UNITED STATES of America, Plaintiff-Appellant, v. James W. DEAN, Defendant-Appellee.
In light of the Supreme Court's recent decision in United States v. Ursery, 518 U.S. 267, 116 S.Ct. 2135, 135 L.Ed.2d 549 (1996), the court orders that the opinion filed April 24, 1996, 80 F.3d 1535, be modified as follows:
1) Footnote one is deleted in its entirety and replaced with the following:
Because the civil forfeiture provision in this case did not serve solely a remedial purpose, the forfeiture constituted punishment for purposes of the Excessive Fines Clause. Austin v. United States, 509 U.S. 602, 621-23, 113 S.Ct. 2801, 2812, 125 L.Ed.2d 488 (1993).
In determining whether a civil forfeiture constitutes punishment for purposes of analysis under the Excessive Fines Clause, we look to the statute as a whole. See id. at 622 n. 14, 113 S.Ct. at 2812 n. 14 (holding that the forfeiture of conveyances and real property pursuant to §§ 881(a)(4) and (a)(7) constituted punishment because under the statute the amount forfeited “can vary so dramatically that any relationship between the Government's actual costs and the amount of the sanction is merely coincidental”). Where the value of forfeited property bears no relationship to the government's costs, an inquiry into whether the forfeiture is remedial is not necessary; it is almost certain that a portion of the forfeited property will constitute punishment. For this reason, the Austin Court saw no need to look at the particular forfeiture involved to determine whether it was remedial. Austin, 509 U.S. at 622 n. 14, 113 S.Ct. at 2812 n. 14.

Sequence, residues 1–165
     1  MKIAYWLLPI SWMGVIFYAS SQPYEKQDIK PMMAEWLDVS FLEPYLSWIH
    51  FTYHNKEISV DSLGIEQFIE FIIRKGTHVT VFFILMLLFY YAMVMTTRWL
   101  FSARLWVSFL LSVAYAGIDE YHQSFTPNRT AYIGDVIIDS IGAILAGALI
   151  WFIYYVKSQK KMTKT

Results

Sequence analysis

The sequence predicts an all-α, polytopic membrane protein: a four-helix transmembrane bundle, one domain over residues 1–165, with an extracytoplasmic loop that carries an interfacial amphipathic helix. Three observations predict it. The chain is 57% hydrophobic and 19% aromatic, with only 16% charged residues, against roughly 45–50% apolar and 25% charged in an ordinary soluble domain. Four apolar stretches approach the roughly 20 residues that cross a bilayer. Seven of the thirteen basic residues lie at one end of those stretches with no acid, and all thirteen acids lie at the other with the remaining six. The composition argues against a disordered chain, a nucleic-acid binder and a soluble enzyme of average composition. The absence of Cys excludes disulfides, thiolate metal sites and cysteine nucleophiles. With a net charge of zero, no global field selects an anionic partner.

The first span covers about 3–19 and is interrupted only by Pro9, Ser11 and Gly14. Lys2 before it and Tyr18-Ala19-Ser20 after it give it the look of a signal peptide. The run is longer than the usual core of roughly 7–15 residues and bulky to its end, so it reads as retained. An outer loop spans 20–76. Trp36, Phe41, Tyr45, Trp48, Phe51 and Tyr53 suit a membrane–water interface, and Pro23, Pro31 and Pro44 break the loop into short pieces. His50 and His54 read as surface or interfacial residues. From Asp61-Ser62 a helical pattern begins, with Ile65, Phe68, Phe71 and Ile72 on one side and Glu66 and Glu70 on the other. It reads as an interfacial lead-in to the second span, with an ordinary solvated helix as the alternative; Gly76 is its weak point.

Furthermore, as the Supreme Court has recently observed:
It is unnecessary in a case under the Excessive Fines Clause to inquire at a preliminary stage whether the civil sanction imposed in that particular case is totally inconsistent with any remedial goal. Because the second stage of inquiry under the Excessive Fines Clause asks whether the particular sanction in question is so large as to be “excessive,” a preliminary stage inquiry that focused on the disproportionality of a particular sanction would be duplicative of the excessiveness analysis that would follow.
United States v. Ursery, 518 U.S. 267, 116 S.Ct. 2135, 135 L.Ed.2d 549 (1996), (citation omitted).
In interpreting 31 U.S.C. § 5317, we assume that “forfeiture generally and statutory in rem forfeiture in particular historically have been understood, at least in part, as punishment.” Austin, 509 U.S. at 618, 113 S.Ct. at 2810. Therefore, we consider if there is anything in the “[statutory] provisions or their legislative history to contradict the historical understanding of forfeiture as punishment.” Id. Under § 5317, the amount forfeitable is determined by the amount of money a person attempts to take from the country. 31 U.S.C. § 5317(c), in relevant part, provides:
If a report under section 5316 with respect to any monetary instrument is not filed (or if filed, contains a material omission or misstatement of fact), the instrument and any interest in property, including a deposit in a financial institution, traceable to such instrument may be seized and forfeited to the United States government.